Can The Digital Economy Be Regulated?
With data flowing freely across borders, issues of privacy and security call for data regulation. Who will do it?
Video Editor: Ashish Maccune
Cameraperson: Shiv Kumar Maurya
The internet now reaches out to about 3.7 billion people worldwide. In India, about 34 percent of the population now has access to Internet, which is about 462 million users. In the US, the penetration is as high as 95 percent, which accounts for about 346 million users, according to data from TRPC, a Singapore-based research firm.
With increased internet access, data is being sent across borders. But this gives rise to privacy issues as was the case with the Facebook-Cambridge Analytica controversy, calling for some sort of regulation. The question is, who will regulate the digital economy?
Joshua P Meltzer, Senior Fellow at Brookings, a think tank, has compiled a paper on the need to regulate the digital economy and understanding the importance of cross-border data flows, especially in the Asia-Pacific region, including India.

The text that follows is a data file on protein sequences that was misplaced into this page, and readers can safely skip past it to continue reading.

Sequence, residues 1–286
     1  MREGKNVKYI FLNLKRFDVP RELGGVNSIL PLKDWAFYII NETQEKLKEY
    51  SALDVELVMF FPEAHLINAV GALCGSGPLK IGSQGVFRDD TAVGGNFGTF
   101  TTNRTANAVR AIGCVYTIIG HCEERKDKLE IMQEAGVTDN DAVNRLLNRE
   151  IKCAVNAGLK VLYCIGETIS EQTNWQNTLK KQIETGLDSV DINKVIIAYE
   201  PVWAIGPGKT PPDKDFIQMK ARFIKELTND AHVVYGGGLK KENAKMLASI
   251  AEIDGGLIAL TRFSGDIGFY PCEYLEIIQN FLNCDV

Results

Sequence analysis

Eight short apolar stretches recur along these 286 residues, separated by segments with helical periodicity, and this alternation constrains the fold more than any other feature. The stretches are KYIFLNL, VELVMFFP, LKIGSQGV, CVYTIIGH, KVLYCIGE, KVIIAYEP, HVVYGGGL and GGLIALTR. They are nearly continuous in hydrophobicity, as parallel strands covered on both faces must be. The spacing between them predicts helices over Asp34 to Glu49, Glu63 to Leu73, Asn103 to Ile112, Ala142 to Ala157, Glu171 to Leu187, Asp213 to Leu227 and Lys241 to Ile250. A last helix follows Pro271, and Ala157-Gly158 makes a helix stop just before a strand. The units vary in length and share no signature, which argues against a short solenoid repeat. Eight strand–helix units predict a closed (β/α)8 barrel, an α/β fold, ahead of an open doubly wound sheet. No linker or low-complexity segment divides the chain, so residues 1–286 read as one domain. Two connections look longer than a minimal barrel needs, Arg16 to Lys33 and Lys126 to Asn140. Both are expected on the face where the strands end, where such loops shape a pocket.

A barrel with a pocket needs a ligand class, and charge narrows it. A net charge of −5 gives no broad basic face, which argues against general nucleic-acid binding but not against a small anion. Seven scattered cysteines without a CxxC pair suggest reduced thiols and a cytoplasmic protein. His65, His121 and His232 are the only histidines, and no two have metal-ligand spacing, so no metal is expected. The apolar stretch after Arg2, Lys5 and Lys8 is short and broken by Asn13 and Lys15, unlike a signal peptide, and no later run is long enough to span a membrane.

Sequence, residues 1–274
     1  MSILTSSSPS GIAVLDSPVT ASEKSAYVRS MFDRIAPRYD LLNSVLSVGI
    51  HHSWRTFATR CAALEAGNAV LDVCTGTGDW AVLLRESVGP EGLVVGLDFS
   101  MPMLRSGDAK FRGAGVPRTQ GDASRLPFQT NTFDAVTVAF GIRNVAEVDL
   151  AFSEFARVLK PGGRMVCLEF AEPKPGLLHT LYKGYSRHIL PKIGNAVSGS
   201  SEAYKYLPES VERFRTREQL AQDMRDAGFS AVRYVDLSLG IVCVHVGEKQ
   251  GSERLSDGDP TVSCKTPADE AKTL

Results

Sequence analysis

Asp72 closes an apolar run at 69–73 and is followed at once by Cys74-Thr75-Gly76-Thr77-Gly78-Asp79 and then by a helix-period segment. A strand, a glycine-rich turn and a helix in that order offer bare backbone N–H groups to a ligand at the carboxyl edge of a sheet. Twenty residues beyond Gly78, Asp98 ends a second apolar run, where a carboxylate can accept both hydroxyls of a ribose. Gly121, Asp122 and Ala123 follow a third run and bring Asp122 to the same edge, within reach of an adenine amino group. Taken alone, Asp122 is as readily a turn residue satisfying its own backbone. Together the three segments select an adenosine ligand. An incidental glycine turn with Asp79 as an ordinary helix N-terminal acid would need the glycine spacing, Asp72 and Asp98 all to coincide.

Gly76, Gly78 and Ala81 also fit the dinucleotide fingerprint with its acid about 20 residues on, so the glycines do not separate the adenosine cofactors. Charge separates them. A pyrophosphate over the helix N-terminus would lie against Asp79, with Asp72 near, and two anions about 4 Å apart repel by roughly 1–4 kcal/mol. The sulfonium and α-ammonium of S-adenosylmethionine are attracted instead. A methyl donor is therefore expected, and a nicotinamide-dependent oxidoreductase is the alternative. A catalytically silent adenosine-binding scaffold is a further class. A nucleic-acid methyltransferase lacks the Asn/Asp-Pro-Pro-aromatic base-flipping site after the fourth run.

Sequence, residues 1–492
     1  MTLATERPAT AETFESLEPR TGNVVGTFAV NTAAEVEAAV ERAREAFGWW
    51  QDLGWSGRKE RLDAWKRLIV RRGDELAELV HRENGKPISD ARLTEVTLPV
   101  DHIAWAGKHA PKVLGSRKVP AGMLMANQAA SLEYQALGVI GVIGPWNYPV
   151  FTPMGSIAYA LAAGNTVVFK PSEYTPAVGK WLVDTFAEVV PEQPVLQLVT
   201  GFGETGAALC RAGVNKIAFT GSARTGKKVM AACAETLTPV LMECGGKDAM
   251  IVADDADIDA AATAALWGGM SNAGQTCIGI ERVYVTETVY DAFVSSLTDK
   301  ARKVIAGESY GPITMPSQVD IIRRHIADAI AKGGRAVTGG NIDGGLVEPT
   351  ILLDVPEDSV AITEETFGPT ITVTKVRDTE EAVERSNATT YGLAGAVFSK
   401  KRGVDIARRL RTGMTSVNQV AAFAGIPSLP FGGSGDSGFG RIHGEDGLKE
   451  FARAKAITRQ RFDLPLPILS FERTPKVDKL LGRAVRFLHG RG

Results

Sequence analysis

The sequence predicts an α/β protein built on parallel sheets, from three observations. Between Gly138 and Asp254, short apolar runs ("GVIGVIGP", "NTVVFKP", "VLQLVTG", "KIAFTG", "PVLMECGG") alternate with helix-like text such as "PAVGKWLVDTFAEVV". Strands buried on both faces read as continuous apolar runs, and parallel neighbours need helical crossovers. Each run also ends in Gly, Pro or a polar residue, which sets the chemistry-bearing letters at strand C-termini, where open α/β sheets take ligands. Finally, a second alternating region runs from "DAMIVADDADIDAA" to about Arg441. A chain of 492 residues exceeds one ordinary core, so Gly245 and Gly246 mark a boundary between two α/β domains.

We caught up with Joshua just after he presented his paper at Brookings India and asked him about the need for regulating the digital economy in the Indian context.
Joshua says India’s digital economy will contribute $550 billion to $1 trillion in GDP by 2025, and will be responsible for adding about 1.5 million to 2 million jobs in 2018 alone. He says digitisation of the economy itself is already a $1.2 trillion opportunity.
He says over 40 percent of India’s goods and services exports consist of software services and IT-enabled services. And about 65 percent of India’s IT and IT-enabled exports are delivered cross-border and online.
In the interview, he also touches upon trade relations between China and the US and also about how many Asian countries find it easier to emulate the Chinese internet regulation model – which may not be great for global trade.
Watch this 6-minute chat for the key highlights.
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